The term ‘blackbird’ has become a general term for many predominantly black thrush-like birds. However, when we talk about blackbirds, the bird that springs to mind is likely the Common blackbird, a species of true thrush from the Turdidae family. There are many similar looking blackbirds in the Icteridae family, including the common North American Red-winged blackbird, but they’re barely related to their European counterparts!
Blackbirds are a common garden bird throughout much of the world, but what about baby blackbirds? This is a guide to baby blackbirds. Of course, there will be plenty of pictures of baby blackbirds along the way!
Baby blackbirds are born altricial and naked with spare tufts of downy feathers. The birds are blind and tiny, measuring just a few centimetres long. They’re capable of squirming but can’t shuffle around the nest for a couple of days at least. Baby blackbirds have gaping yellow mouths, which they present to their parents to feed.
Recently hatched blackbird chick in the nest
Three young blackbird chicks
Growth and development
Baby blackbirds grow exceptionally quickly, obtaining around 50 to 60% of their adult body weight in the first ten days. Fluffy, downy feathers begin to grow after a couple of days, giving a 7-day-old nestling blackbird a somewhat round or rotund appearance.
After 12 to 14 days, the chicks are ready to fledge, but they can feasibly survive outside of the nest after just nine days. Blackbirds remain juveniles for some eight months and will usually breed in the forthcoming breeding season.
Baby blackbirds are tiny, measuring just a few centimetres long, and they weigh just 2 to 4 grams.
Like most songbirds, baby blackbirds are born altricial, meaning they’re totally blind and are largely undeveloped. Hatchling birds require constant attention and can barely thermoregulate for 2 to 3 days. But, of course, young blackbirds grow extremely quickly, and by the time it comes to fledge, baby blackbirds obtain some 50 to 60% of their adult body weight.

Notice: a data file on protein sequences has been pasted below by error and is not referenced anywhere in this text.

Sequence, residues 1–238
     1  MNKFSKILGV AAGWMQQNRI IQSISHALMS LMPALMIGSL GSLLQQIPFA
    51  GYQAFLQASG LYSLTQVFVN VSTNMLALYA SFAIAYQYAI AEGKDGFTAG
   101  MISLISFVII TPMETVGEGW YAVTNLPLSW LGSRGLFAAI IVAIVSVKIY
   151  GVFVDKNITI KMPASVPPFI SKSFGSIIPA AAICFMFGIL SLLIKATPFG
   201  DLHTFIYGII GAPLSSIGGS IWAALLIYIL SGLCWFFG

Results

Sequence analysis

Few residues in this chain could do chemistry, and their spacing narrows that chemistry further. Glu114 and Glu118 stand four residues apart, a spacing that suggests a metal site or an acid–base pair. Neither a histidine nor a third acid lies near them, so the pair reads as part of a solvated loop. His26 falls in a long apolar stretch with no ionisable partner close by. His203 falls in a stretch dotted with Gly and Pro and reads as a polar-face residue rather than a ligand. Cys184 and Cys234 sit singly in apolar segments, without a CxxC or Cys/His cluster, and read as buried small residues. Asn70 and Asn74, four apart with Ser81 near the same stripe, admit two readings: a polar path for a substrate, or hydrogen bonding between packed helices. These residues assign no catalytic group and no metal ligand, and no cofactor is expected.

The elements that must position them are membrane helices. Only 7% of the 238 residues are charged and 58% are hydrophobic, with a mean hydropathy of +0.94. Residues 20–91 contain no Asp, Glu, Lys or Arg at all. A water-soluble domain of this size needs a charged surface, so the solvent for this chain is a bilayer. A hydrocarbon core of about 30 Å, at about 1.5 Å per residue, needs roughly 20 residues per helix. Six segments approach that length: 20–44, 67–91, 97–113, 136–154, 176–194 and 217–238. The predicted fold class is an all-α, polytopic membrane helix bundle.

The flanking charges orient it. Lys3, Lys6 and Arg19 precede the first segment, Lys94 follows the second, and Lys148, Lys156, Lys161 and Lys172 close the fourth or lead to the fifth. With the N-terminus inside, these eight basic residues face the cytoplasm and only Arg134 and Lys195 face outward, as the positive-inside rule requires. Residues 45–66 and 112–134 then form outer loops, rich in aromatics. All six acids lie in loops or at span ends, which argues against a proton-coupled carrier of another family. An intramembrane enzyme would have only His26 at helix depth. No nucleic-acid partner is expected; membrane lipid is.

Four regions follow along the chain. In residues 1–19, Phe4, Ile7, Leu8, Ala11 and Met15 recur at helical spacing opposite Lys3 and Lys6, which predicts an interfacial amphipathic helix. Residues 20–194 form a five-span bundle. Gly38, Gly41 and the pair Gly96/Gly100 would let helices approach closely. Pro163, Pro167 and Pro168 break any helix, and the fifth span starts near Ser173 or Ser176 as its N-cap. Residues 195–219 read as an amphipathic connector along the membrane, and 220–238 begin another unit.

Hungry blackbird chicks in the nest
Baby blackbirds weigh around 2.75 to 3.25g at birth, which is less than a 5p piece.
At birth, nestlings weigh less than 5% of their adult weight, which is around 100g. Baby blackbirds grow rapidly, and reach approximately 3/4 of their adult weight before fledging.
Juvenile blackbirds are a medium-light, speckled brown with a reddish tinge to their breast and undersides. They’re easy to confuse with many other juvenile songbird juveniles.
Moreover, both the male and female look similar for the first eight months or so, until the males moult their juvenile brown plumage and replace it with black plumage. Female adult blackbirds can be hard to tell apart from juveniles as they share similar red-brown plumage.
Juvenile blackbirds are rounder and puffier than adults. Their downy feathers are gradually replaced over the course of 6 to 10 months.
There’s no specific name for a baby blackbird. Like most baby birds, baby blackbirds are generally referred to simply as chicks.
Like with other birds, there are also different names for different stages of the young blackbird’s development. Immediately after hatching, a baby blackbird is called a hatchling.
While baby blackbirds remain in the nest, they’re called nestlings. Once they leave the nest, they’re called fledglings. Finally, baby blackbirds become juveniles and then adult birds.
Baby blackbirds eat what foods their parents bring them, which are almost exclusively soft invertebrates, insects and arthropods. While blackbirds are omnivores, young birds are unable to digest most seeds and berries until they fledge. Insects provide the high-fat, high-energy diet the young birds need to grow.